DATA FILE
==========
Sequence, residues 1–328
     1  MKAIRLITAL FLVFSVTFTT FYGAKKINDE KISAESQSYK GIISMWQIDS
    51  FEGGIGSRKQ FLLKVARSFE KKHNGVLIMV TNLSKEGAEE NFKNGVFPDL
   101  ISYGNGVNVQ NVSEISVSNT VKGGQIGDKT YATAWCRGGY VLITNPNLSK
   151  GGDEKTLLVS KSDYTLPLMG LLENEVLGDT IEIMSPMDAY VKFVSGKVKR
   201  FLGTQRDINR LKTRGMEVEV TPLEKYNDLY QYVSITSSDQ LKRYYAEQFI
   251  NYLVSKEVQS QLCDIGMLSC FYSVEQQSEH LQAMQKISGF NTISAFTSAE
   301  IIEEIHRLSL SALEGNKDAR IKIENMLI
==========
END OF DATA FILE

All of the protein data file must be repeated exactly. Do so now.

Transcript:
Sequence, residues 1–328
     1  MKAIRLITAL FLVFSVTFTT FYGAKKINDE KISAESQSYK GIISMWQIDS
    51  FEGGIGSRKQ FLLKVARSFE KKHNGVLIMV TNLSKEGAEE NFKNGVFPDL
   101  ISYGNGVNVQ NVSEISVSNT VKGGQIGDKT YATAWCRGGY VLITNPNLSK
   151  GGDEKTLLVS KSDYTLPLMG LLENEVLGDT IEIMSPMDAY VKFVSGKVKR
   201  FLGTQRDINR LKTRGMEVEV TPLEKYNDLY QYVSITSSDQ LKRYYAEQFI
   251  NYLVSKEVQS QLCDIGMLSC FYSVEQQSEH LQAMQKISGF NTISAFTSAE
   301  IIEEIHRLSL SALEGNKDAR IKIENMLI